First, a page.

Rather than attempt to copy the journalistic aspect of this news, I will simply state that today the United States Supreme Court ruled that capital punishment for rape, regardless of the age of the victim, is cruel and unusual unless the victim is killed by the rapist.
This ruling is bound to be controversial, despite the fact that only five states had laws permitting capital punishment in cases of child rape and only Louisiana allowed such a sentence to be given on the first offense, because of the despicable nature of crimes against children and the moral outrage such crimes engender in the public. This moral outrage is the justification for the slippery slope sexual predator legislation that deprives sex offenders of many of their constitutional rights, which one could claim laid the mental justification for the battery of civil rights abuses in the 'Patriot Act' and the conduct of the Justice Department during this administration.
Despite the controversy, this ruling was the right one. Capital punishment is a slippery slope of its own, and every instance in which the government is allowed to kill people creates one more justification for the next instance. If one is morally opposed to capital punishment, one should be against capital punishment. Every horrible, vicious, disgusting crime which serves as an exception justifies judicial murder.
The author of the specific Louisiana law under scrutiny in this case said that even opponents of the death penalty would kill anyone who raped their own children. This is the natural parental impulse, yes. Parents defend their children or avenge them if they fail to protect them. Despite not being a parent, I can safely say that if I had a daughter and she was raped then I would want to kill the rapist myself.
This argument for judicial murder fails on two levels. First and foremost, people want to kill other people all the time. Violence is part of the package of instinctive responses to anger. Yet we, as sentient human beings, do not simply kill someone every time we want to kill someone. When we do, we are arrested and tried for murder. Parents may want to kill the rapist of their child, but the expression of that desire in the statement, "I would kill anyone who raped my child," is not proof that they would actually commit the deed under the circumstances. It is an expression of the natural emotional and instinctive reaction they experience at the mere thought of such a thing. If people truly killed people every time they wanted to do so, the murder rate would be far higher than it is even in our relatively murderous nation.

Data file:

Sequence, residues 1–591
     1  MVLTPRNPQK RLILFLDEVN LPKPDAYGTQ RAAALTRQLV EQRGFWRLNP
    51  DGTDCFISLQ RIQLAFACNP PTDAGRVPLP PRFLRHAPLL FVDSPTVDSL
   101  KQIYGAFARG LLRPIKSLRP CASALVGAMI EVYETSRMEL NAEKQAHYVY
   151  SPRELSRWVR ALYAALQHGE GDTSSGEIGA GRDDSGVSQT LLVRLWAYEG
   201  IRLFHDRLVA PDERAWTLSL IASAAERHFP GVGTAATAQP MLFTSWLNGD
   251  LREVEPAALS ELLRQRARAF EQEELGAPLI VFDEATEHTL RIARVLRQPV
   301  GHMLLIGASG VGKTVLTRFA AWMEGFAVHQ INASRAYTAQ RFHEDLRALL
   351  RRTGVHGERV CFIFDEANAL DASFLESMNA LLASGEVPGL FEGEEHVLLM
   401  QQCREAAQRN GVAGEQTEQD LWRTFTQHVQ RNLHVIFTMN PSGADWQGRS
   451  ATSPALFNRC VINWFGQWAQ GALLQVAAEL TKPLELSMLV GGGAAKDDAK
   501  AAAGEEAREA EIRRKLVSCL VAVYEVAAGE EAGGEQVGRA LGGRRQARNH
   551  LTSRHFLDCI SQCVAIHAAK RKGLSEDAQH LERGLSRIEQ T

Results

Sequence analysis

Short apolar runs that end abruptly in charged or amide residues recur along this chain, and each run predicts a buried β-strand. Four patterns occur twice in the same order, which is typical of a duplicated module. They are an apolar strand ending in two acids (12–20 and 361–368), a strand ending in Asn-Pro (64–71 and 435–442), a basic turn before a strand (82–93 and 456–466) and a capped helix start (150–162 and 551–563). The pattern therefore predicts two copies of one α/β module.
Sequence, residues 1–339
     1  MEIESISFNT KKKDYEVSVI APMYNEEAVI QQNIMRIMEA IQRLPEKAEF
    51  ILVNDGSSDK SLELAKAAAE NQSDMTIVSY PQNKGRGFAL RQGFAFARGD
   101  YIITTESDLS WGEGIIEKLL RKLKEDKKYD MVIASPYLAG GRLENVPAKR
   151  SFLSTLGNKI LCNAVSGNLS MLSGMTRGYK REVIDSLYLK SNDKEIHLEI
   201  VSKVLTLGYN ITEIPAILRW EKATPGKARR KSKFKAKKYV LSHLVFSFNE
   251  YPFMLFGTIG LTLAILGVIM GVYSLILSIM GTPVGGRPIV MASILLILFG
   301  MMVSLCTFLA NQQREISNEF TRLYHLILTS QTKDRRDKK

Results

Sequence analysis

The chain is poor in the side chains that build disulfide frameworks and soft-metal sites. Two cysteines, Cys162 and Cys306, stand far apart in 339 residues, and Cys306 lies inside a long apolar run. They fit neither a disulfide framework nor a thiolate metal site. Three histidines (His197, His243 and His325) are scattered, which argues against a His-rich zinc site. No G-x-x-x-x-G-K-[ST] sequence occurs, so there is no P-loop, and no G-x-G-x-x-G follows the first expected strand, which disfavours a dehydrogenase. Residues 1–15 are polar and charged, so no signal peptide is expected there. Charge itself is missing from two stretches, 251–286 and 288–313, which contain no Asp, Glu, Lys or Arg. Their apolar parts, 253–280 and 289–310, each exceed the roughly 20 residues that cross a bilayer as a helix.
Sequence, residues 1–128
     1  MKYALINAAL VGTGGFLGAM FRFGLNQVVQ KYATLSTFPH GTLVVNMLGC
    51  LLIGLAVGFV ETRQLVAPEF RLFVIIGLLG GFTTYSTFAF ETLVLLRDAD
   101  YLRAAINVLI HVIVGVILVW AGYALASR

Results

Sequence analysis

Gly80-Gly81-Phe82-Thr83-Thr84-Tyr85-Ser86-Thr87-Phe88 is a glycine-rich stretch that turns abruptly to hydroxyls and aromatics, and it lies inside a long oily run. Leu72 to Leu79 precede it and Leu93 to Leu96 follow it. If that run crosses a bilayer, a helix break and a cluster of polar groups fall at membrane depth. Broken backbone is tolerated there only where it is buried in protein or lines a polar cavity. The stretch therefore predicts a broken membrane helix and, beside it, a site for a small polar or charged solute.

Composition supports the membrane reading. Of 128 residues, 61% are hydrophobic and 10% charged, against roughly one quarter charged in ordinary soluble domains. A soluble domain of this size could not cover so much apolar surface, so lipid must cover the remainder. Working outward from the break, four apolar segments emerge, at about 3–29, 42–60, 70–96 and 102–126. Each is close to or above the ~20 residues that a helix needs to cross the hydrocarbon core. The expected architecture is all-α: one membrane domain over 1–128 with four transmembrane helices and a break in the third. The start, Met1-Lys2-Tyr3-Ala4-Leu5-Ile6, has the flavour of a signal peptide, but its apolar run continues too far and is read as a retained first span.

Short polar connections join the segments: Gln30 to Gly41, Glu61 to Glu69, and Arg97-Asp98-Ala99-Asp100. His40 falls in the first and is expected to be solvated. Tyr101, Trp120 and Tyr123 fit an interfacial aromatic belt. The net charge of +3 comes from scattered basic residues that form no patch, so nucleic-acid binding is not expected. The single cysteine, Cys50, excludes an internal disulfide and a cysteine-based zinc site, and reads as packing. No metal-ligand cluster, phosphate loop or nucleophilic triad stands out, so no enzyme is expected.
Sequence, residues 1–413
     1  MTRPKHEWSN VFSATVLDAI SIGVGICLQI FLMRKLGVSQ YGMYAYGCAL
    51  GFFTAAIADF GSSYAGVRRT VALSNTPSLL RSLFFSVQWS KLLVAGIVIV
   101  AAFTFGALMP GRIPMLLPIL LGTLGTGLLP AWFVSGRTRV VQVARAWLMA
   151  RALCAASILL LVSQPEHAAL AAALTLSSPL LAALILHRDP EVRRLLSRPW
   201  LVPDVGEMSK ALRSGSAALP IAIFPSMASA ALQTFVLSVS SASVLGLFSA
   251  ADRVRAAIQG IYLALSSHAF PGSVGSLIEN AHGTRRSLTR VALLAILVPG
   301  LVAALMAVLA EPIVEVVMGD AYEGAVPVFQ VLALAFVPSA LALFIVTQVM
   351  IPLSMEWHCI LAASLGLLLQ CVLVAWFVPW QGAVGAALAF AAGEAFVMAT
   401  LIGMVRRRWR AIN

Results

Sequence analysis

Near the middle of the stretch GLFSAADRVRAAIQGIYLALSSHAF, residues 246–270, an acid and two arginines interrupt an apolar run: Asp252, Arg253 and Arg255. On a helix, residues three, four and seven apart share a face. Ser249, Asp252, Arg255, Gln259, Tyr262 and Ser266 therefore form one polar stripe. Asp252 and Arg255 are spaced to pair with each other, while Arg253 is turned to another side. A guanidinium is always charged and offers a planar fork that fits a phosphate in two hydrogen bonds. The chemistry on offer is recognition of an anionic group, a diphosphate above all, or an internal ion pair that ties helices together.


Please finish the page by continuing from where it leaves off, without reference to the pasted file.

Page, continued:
This leads directly into the second failure of the 'you'd do it if it was your kid' argument: people who know right from wrong know that murdering your child's rapist is not morally justified in a modern society of law. That doesn't mean that they would not choose to do so anyway, but it is no more morally justified to kill a child rapist because 'any parent would do it.' Despite the genuine and justified admiration for democratic input into the legal system, morality is not democratic. Something is right or it is wrong, and its popularity does not make it morally acceptable. Nor, as all our parents told us from a young age (whether they believed it or not) do two wrongs make a right.
The ancient Romans believed that there were only three appropriate legal punishments: punitive fines, exile (always accompanied by extremely harsh punitive fines unless undertaken voluntarily in lieu of trial), and execution. That's the moral ground that the slippery slope of acceptable capital punishment finally reaches if taken to its fullest measure.
If that's what you believe, then you are entitled to your opinion.
That doesn't mean that we should allow the government to be ruled by your standard.
Matters of Principle
2 weeks ago